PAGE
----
a sweater.      Cast wide enough,     you’ll
find your    real wound: the street,   alive
   with memory,    springstrewn:   last
year’s   leaves,   debris li ke    fragments
   of once-great   machinery. I left   this
and this along that street;     I keep
leaving. Dark and  two cars   pass,
one red    overtaking another.     This
   is the only    view,  all that’ll ever
                                          be revealed.

–Melinda Wilson


Black Birds : Blue Horse, Natalie Peeterse (Gold Line Press, 2012)

The elegy is a poem of lament or of grave meditation. Natalie Peeterse’s chapbook Black Birds : Blue Horse works on both levels. It is both a meditation on the nature of grief and a lament for Nicole Dial, who was killed in Afghanistan while working for the International Rescue Committee.

In Peeterse’s work, grief means a loss of equilibrium, a theme the speaker exemplifies and studies. She moves toward balance in the latter portion of the chapbook. She remarks that “the sky holds over its kin / and it’s forgotten no matter how far we wander.”

Grief, too, is a matter of address. The speaker struggles with address by speaking with “you.” The “you” is omnipresent at first, but begins to be lost toward the middle of the work: “And the waiting for you, and then / things to cut the pain     of waiting.” Despite the pain, the speaker moves toward an uneasy acceptance of that waiting; in the final vignette, she finds the road to Kabul opening up to her, a road initially associated with “your ending.”

To read Peeterse’s poems is to be introduced to grief in all its forms. They depict the loss of balance found when one realizes that life moves forward even as one is grieving and the wondering of whom to address and with whom to share one’s sorrow.

–Erin Feldman


The Hardest Part Is Done, Lucy Biederman (Grey Book Press, 2013)

Lucy Biederman’s second chapbook, The Hardest Part Is Done, draws lines between calamity and self and provides instructions that indicate those lines as tools for leaving and for learning to let love leave. Endings become mythic and result in volatile prying, which can be read as either selfishness or self-nurturing in the framework of finish: “He asks / what I’m doing / today when he / wants me to leave. / I’m always / doing nothing.” The lines Biederman draws resemble a how-to of the saddest tune.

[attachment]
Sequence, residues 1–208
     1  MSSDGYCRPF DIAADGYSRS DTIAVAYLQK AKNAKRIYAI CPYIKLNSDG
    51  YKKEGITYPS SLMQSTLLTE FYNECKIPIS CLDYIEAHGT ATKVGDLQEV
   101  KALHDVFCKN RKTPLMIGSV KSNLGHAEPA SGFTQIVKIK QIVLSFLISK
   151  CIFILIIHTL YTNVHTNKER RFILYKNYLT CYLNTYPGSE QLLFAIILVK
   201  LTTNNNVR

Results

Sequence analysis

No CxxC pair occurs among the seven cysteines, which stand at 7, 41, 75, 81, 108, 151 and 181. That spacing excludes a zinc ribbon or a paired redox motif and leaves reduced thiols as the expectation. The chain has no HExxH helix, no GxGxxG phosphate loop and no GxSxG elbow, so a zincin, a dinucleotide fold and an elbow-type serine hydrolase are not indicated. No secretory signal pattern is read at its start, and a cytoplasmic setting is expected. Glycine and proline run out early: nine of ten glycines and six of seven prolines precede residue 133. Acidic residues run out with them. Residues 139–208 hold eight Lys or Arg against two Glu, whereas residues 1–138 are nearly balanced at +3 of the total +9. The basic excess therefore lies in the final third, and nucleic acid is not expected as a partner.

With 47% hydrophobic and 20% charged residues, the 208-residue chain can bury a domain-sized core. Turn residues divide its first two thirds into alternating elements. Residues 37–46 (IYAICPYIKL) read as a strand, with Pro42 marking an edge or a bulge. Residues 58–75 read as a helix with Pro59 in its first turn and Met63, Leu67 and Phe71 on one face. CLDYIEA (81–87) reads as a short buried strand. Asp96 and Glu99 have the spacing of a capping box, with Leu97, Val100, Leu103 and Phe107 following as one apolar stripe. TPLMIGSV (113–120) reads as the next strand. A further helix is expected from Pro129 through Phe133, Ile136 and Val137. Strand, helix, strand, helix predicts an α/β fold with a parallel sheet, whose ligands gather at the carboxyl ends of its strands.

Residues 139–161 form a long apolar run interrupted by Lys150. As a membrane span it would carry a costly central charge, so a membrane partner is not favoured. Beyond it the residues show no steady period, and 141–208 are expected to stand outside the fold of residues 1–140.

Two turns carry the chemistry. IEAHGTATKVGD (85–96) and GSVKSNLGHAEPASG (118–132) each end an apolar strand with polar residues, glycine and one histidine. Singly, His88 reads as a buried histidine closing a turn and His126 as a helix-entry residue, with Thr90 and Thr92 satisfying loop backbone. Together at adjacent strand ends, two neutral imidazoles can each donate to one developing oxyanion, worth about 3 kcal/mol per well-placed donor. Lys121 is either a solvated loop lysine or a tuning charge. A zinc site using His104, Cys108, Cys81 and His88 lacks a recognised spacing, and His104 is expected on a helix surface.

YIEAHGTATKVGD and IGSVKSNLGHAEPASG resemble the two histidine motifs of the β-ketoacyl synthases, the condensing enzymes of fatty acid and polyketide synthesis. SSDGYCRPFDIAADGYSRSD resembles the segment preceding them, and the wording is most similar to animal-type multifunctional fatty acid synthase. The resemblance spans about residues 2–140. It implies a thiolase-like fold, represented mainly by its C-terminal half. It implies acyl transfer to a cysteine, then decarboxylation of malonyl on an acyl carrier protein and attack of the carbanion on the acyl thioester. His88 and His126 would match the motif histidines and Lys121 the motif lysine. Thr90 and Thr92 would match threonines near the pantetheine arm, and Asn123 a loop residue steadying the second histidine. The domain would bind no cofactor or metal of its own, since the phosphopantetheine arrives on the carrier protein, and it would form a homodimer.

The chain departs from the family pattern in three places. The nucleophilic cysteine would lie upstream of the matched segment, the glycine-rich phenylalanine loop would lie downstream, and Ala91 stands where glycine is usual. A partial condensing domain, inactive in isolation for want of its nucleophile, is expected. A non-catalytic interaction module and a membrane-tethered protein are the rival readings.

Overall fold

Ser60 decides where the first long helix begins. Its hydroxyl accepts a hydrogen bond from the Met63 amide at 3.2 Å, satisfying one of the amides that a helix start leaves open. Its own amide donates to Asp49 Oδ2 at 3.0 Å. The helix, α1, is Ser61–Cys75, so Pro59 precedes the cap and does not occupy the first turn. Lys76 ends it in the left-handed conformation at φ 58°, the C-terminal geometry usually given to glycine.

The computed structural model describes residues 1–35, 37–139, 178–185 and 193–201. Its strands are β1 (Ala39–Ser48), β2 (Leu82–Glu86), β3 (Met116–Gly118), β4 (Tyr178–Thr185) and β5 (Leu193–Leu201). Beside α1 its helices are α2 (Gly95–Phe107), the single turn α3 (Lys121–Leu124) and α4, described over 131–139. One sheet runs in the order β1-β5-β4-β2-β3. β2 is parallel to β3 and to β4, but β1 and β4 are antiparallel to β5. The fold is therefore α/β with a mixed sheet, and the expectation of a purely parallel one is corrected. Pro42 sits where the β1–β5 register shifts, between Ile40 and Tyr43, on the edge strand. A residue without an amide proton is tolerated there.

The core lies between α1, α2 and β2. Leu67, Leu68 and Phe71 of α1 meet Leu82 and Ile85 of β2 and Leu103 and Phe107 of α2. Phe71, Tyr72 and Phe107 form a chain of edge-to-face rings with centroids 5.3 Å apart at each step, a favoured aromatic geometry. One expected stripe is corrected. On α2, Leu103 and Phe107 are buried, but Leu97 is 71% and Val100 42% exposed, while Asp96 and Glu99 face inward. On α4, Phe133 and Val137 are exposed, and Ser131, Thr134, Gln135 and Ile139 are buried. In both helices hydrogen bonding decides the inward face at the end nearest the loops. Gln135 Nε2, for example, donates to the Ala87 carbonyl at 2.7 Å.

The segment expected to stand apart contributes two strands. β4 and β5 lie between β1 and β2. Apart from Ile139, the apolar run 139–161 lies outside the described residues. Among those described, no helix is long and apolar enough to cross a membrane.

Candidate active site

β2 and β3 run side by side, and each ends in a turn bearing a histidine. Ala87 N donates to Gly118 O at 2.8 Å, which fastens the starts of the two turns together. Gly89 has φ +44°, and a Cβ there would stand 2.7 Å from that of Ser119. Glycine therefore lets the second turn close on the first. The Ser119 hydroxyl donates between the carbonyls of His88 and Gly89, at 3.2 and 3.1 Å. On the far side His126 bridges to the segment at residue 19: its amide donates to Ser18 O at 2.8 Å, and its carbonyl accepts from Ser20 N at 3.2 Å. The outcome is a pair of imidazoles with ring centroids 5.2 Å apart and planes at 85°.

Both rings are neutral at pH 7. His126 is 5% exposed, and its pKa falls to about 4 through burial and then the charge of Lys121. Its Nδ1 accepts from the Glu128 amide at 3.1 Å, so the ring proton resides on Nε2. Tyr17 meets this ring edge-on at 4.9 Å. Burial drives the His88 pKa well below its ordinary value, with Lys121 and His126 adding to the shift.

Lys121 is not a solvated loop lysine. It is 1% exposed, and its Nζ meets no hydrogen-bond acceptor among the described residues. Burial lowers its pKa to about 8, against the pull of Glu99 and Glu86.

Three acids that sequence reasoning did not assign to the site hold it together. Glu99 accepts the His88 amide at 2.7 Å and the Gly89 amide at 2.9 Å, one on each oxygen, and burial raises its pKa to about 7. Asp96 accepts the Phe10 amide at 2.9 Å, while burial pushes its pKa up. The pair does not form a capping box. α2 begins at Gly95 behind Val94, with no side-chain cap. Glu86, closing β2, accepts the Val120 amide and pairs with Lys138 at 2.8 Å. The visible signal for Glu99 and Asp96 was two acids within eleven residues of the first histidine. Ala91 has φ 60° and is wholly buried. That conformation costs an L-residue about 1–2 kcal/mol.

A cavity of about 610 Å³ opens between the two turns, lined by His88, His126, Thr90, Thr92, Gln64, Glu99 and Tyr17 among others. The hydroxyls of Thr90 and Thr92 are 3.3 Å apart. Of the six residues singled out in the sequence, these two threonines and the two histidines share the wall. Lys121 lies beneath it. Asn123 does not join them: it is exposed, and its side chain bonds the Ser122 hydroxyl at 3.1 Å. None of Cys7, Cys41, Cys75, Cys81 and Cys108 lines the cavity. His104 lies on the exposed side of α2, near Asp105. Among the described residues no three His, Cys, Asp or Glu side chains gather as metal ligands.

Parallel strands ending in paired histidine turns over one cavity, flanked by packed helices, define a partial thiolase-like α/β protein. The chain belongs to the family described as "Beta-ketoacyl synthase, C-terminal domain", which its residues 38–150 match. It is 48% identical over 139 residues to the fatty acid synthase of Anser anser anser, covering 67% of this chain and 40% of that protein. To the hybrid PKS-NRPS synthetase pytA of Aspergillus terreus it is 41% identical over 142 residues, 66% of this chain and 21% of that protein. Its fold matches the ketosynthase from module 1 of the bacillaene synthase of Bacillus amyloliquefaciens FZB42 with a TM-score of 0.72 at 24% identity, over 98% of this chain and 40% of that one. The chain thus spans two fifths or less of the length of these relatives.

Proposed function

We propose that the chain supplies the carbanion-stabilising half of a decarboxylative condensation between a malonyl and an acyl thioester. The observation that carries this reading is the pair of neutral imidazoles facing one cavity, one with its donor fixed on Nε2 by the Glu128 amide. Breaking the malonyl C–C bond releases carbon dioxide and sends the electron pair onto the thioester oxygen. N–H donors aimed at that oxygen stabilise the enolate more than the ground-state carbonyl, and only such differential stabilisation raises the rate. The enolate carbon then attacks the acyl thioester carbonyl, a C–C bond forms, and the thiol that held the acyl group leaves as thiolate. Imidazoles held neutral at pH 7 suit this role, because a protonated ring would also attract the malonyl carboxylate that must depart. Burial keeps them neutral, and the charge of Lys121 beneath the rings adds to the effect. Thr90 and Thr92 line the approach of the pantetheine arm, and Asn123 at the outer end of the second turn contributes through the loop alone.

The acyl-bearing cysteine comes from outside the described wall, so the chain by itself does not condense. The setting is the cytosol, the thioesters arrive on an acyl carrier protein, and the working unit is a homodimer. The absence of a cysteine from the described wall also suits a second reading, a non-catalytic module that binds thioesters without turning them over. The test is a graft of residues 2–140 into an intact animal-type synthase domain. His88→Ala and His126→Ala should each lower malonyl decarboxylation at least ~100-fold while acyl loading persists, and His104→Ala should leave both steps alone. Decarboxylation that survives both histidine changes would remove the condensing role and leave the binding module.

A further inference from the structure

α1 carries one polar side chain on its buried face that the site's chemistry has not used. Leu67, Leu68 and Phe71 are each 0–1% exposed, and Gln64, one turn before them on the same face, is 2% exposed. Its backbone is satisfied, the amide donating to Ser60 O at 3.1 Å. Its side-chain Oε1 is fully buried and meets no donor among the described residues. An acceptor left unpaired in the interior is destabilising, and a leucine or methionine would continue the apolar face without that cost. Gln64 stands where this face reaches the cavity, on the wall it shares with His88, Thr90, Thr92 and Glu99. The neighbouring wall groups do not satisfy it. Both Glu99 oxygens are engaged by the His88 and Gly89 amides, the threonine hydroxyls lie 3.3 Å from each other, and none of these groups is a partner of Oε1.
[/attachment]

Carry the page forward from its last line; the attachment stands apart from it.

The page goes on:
These instructions aren’t necessarily enough to survive Biederman’s world, however. The hollowness of being left constantly re-sews and tears itself apart by means of prose, a sometimes haunting, controlling way for us to travel from poem to poem. The poem “Nobody in the whole country loves you.” mirrors the villanelle “Given.” These poems, in their isolation, place us as agents who “take a journey” and let “strangers come” to fill the empty spaces.

Feral introspection lets the text serve less as a how-to or “Example,” as the first poem indicates, but more of an enchantress’s war song. The attention to the left behind is left alone, and when the alignment opens up, so does the self: “Can someone pop the van / I’ve got to give up.” This is a diptych of disaster and survival whose panels are doomed to forever face one another, and I prescribe it to any lover, not as a warning, but as a lullaby.

RJ Ingram